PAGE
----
US President Donald Trump’s main campaign website was one of more than 100 domains found vulnerable to attack recently because its developers had apparently forgotten to disable the debug mode in a tool that was used to develop the site.
The issue with Trump’s site was addressed Wednesday after researchers from Comparitech informed the campaign about it. Had the security weakness been left open, attackers would have had – among other things— an opportunity to hijack the site’s email server and send out messages on behalf of email.donaldtrump.com, Comparitech said.
According to the vendor, it is not clear when the debug mode was enabled on the Trump website. But the potential consequences of even a short exposure would have been severe. “Trump’s campaign website is used to solicit donations, after all,” the vendor noted. “Attackers could have intercepted correspondence with Trump supporters or phish campaign contributors, among other crimes.”
The problem on Trump’s site and on hundreds of others has to do with their use of a popular PHP framework called Laravel.
Laravel includes a suite of tools that can be used to build, test, and deploy Web applications, says Paul Bischoff, lead researcher at Comparitech. Many people use it to speed up the website development process. “Laravel is one of, if not the, most popular PHP frameworks,” Bischoff says.
Laravel, like other frameworks, incorporates a debug mode that developers can use to identity misconfigurations and other errors on their sites before they go live. Developers can access the debug interface via a standard Web browser.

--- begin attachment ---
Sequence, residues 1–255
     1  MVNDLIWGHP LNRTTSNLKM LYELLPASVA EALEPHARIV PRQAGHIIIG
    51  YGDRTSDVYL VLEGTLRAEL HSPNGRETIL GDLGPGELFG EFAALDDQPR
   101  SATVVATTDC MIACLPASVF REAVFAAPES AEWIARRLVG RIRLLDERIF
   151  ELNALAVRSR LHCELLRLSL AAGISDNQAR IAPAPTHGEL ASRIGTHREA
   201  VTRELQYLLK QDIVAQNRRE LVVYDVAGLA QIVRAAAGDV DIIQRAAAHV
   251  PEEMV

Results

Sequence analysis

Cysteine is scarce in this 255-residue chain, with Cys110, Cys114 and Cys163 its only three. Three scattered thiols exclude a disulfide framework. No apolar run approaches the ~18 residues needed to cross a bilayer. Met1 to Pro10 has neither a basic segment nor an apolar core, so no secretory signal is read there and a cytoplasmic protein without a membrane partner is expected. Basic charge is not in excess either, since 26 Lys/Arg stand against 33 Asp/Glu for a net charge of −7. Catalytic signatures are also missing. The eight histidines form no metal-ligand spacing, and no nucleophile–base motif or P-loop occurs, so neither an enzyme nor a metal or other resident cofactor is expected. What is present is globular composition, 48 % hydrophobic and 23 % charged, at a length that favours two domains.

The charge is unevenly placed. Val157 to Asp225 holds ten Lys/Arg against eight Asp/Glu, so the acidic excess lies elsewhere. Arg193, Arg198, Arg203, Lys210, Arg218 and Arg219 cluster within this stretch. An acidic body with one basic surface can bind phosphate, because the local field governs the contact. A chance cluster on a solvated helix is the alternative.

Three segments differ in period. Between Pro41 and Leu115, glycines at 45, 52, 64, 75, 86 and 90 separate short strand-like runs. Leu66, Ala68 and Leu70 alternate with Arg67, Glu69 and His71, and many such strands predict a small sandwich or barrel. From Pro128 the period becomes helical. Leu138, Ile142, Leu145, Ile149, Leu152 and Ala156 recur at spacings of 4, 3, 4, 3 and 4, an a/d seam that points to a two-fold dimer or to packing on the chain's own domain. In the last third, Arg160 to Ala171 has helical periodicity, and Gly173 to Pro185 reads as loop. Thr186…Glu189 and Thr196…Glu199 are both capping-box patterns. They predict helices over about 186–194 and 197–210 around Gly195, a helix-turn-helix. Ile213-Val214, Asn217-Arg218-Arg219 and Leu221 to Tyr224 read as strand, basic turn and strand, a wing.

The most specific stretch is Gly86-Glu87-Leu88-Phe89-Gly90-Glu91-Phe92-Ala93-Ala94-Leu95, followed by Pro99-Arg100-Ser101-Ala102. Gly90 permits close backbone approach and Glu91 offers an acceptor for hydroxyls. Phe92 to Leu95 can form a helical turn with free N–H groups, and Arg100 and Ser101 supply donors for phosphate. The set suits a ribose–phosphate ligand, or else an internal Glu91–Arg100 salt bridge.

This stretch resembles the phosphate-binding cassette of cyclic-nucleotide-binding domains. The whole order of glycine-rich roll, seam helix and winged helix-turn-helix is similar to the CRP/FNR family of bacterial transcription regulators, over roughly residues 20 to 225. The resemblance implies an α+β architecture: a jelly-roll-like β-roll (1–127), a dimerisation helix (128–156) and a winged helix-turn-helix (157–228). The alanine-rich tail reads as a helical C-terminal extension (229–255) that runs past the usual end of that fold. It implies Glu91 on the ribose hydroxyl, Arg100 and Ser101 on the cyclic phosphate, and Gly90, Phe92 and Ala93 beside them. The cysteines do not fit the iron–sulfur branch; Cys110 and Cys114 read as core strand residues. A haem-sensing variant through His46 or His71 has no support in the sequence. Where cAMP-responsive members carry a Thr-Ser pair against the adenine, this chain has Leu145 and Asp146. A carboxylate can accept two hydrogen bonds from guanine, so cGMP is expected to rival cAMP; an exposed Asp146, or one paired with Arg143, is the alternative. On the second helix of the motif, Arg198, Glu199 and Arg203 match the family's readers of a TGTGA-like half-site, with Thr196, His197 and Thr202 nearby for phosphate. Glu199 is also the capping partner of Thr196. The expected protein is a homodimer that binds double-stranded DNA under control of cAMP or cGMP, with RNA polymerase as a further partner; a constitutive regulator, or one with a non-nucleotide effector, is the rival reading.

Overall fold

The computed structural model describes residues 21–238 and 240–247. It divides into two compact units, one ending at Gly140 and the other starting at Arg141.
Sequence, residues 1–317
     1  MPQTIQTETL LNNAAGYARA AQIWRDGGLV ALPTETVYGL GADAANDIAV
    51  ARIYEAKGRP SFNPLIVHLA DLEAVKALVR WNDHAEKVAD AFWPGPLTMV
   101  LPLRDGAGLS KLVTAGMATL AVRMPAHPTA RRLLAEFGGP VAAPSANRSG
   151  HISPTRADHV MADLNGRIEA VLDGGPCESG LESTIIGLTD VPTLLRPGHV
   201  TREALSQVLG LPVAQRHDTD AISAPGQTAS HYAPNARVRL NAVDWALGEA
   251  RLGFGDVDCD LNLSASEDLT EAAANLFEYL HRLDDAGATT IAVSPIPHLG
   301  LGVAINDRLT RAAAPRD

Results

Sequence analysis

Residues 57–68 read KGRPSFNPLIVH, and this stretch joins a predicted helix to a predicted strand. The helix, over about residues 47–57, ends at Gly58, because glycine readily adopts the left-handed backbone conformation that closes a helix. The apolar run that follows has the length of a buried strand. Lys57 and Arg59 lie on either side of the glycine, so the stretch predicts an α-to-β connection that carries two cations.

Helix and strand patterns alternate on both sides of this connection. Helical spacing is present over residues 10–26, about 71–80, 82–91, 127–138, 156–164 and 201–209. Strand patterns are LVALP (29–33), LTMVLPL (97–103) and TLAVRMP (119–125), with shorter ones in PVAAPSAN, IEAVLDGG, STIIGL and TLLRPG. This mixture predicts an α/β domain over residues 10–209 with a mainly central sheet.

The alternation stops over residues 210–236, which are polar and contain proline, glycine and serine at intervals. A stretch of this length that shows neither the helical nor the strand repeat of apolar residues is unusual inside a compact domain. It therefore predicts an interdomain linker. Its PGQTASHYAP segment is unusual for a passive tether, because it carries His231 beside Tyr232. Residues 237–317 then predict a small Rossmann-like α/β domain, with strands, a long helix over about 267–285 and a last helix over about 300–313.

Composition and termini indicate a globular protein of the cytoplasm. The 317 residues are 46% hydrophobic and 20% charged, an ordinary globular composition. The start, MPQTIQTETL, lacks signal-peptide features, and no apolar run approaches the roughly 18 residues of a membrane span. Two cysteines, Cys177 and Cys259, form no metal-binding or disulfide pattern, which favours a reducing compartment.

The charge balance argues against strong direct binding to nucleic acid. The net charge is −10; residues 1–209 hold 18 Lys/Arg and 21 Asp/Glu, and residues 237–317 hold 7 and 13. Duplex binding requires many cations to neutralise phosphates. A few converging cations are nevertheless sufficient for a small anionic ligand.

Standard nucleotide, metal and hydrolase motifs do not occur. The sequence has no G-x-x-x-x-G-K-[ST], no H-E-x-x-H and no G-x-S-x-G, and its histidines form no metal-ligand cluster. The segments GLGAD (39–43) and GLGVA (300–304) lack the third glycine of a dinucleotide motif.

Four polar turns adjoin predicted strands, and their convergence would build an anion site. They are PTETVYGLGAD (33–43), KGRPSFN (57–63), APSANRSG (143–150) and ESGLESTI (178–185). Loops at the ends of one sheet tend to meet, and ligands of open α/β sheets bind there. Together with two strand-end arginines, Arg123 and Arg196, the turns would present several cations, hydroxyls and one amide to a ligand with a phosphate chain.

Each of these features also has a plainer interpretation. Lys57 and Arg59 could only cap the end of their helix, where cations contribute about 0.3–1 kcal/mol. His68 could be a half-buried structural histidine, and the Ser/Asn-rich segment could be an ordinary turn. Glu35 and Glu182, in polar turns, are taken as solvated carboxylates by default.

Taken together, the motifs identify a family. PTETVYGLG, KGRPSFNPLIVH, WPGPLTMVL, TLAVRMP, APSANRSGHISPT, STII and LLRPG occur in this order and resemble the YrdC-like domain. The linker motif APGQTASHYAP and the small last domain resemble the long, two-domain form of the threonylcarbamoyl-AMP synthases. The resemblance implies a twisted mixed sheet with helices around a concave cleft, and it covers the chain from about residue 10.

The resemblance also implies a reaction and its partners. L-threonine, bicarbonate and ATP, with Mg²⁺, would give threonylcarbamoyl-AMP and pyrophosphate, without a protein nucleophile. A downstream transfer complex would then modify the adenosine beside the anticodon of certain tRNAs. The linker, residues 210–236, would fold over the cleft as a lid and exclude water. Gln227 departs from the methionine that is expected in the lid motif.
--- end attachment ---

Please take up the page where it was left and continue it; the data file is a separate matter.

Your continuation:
Problems can arise when developers inadvertently leave the debug mode enabled after the site has gone live. This can expose critical site details, including passwords, encryption keys, API credentials, and database locations.
Adversaries can use the data to develop further attacks on the site or to steal data from it, Comparitech said. By leaving the Laravel debug mode enabled on the Trump site, for instance, developers exposed in plain text a mail server configuration that was visible from any browser though the debug interface.
Anyone could have accessed it from a Web browser by going to a special subdomain. “It’s a subdomain that the average user might not come across,” Bischoff says. “But it was visible on search engines like Shodan that can scan for such vulnerabilities. It was easy for hackers to find.”
The issue is not confined to Laravel, and neither is it the software vendor’s fault. Developers often leave websites vulnerable by inadvertently failing to disable the tools they use for identifying problems when building it. The key takeaway for organizations is to “disable debug mode before going live,” Bischoff says.
Comparitech, working with two independent security researchers, conducted an Internetwide search and found a total of 768 websites with active Laravel sessions. Of them, between 10% and 20% had exposed their debug APIs, making them vulnerable to attack. A similar effort by one of the security researchers last year unearthed 566 websites with the Laravel debug mode enabled.
Bischoff says Comparitech, which scans the Web for misconfigured websites and vulnerable databases, is still in the process of notifying all impacted websites discovered from its latest scan of the issue. Presently, it remains unclear how many might have addressed the problem, he says.
With the exception of the Trump campaign site, most of the vulnerable websites that Comparitech discovered in its latest scan were small businesses and charities.
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Jai Vijayan is a seasoned technology reporter with over 20 years of experience in IT trade journalism. He was most recently a Senior Editor at Computerworld, where he covered information security and data privacy issues for the publication. Over the course of his 20-year … View Full Bio